When in doubt...ask for advice
When I was an Extension agent for Colorado State University my summers were filled with frantic calls from home canners. Mostly the calls came from nervous cooks who just spent hours in the kitchen canning salsa, preserving tomatoes or making jam. Now they wanted to know - is it safe to share with family and friends?
Once those colorful jars came out of the canner...they would begin to worry and call the Extension office. Can this recipe I found on the internet be trusted? Does the canning process I used in Texas work in Colorado? Is it still safe if made a few substitutions to the recipe? I grew up canning with my grandma and want to preserve food for my own family - did I do it right?
I’m glad they call for advice because home food preservation is challenging and requires a lot of time, energy and resources. It is important to do it correctly so that you can serve it to friends and family with confidence.
If you are considering home-canning for the first time, or it has been awhile since you pulled out that pressure canner, let me give you a few tips from the food safety experts at Colorado State University:
- Start with fresh, quality ingredients. Select produce at its peak of freshness and flavor from a farm stand or straight from your garden. When possible choose varieties that are best suited for canning. Food preservation takes time and effort, so don’t compromise your final product by starting with over-ripe, or bruised produce. Remember, the process of preserving food does not improve its quality, it just makes it safe to store at room temperature.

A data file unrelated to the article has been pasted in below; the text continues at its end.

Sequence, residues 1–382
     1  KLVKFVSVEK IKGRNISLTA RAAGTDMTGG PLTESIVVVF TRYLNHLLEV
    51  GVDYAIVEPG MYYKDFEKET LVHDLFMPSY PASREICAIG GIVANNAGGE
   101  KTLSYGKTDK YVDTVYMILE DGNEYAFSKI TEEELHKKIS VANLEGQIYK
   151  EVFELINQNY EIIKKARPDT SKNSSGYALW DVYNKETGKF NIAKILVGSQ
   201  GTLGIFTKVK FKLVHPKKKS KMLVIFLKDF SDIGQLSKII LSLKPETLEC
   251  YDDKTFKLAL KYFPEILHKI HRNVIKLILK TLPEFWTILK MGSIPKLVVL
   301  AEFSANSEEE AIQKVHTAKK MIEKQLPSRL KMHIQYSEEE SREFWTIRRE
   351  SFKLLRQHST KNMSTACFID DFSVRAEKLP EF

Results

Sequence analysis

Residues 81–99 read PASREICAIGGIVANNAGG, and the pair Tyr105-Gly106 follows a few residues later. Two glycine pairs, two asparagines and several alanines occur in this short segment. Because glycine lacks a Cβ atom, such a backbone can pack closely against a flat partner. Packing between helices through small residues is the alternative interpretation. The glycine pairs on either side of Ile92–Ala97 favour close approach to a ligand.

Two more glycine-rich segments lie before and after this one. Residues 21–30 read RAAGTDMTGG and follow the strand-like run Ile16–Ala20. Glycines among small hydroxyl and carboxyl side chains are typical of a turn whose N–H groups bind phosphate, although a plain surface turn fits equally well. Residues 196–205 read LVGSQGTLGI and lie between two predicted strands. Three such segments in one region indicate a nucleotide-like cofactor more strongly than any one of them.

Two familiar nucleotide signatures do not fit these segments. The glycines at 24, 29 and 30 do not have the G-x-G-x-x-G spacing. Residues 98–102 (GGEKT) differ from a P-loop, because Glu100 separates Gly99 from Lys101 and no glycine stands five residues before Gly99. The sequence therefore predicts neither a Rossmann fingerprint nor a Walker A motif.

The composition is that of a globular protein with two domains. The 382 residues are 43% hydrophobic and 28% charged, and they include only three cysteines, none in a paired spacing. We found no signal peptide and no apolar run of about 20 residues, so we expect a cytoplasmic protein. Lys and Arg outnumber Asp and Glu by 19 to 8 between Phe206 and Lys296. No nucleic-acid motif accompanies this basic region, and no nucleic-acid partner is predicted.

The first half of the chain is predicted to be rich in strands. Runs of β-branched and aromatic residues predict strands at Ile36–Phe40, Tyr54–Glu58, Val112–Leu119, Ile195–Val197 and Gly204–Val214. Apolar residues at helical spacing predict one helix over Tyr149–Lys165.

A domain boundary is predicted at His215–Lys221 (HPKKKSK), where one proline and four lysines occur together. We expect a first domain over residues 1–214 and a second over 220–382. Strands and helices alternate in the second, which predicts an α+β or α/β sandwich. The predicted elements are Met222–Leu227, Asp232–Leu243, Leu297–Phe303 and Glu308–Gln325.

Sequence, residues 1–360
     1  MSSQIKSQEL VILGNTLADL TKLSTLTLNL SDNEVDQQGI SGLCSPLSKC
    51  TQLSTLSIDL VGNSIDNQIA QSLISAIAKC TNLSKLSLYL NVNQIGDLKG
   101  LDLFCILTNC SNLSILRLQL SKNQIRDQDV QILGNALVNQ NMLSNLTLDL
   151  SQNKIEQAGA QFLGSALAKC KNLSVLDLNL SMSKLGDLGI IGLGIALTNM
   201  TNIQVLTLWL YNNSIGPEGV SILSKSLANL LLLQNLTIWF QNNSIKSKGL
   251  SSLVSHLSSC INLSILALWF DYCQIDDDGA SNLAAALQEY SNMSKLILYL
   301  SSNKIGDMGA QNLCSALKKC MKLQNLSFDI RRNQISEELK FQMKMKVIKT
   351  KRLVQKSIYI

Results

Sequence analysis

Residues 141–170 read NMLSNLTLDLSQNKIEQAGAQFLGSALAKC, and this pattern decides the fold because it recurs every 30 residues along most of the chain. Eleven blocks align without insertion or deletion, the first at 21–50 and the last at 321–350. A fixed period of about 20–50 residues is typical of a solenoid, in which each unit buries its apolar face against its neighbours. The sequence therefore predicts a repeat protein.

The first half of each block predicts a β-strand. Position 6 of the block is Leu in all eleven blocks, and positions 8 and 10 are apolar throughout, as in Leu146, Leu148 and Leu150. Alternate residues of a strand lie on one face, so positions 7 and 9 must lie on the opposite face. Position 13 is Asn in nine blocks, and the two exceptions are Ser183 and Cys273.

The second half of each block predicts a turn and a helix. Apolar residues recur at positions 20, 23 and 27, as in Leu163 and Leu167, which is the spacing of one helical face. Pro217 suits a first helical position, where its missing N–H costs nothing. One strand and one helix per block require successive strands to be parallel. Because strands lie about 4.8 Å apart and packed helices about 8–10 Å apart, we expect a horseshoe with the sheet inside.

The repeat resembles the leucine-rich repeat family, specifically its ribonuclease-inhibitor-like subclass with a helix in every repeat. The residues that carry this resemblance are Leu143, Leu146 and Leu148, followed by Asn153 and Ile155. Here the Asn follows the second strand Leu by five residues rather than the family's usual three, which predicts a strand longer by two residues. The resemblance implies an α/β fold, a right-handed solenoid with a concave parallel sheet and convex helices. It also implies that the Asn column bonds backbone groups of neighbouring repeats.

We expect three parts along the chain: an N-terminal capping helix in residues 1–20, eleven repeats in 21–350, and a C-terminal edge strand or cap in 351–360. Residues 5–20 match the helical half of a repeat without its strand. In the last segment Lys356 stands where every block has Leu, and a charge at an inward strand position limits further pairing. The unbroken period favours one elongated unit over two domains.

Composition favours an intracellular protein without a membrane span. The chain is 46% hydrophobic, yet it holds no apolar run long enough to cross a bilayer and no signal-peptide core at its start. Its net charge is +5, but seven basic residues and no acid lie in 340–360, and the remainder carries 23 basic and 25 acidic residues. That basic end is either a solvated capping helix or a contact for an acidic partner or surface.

- Use jars and lids intended for home canning. Old mayonnaise jars or other jars from commercially processed food are made of thin glass and can break during processing. Mason jars and lids made specifically for home canning assure a good seal, less breakage and can keep your canned goods safe for 1-2 years on the shelf.
Use a tested recipe and follow it precisely. Our understanding of safe canning practices has changed over the years. Grandma’s “tried and true” methods of canning may not be safe with the new types of produce that are being grown. By using up-to-date canning instructions from reliable, tested sources such as the Ball Blue Book, USDA and Extension you can be assured of a safe product.
- Adjust your processing for our high altitude. When preserving food at higher altitudes, processing time and temperatures should be adjusted. We need to extend the food’s exposure to heat during processing in order to destroy microorganisms.
How we adjust our processing differs depending on whether the food is high-acid or low-acid. For high-acid foods, such as pickled products and most fruits, you will need to increase the time the product is processed in a boiling-water canner. For low-acid foods, such as most vegetables, salsa, sauces and meats, you will need to process the product in a pressure canner, adding additional pressure to accommodate for our altitude.
Preserve the bounty of your garden and your Farmer’s Market produce with confidence by using tested recipes adapted for high altitude, prepared with quality ingredients and equipment.3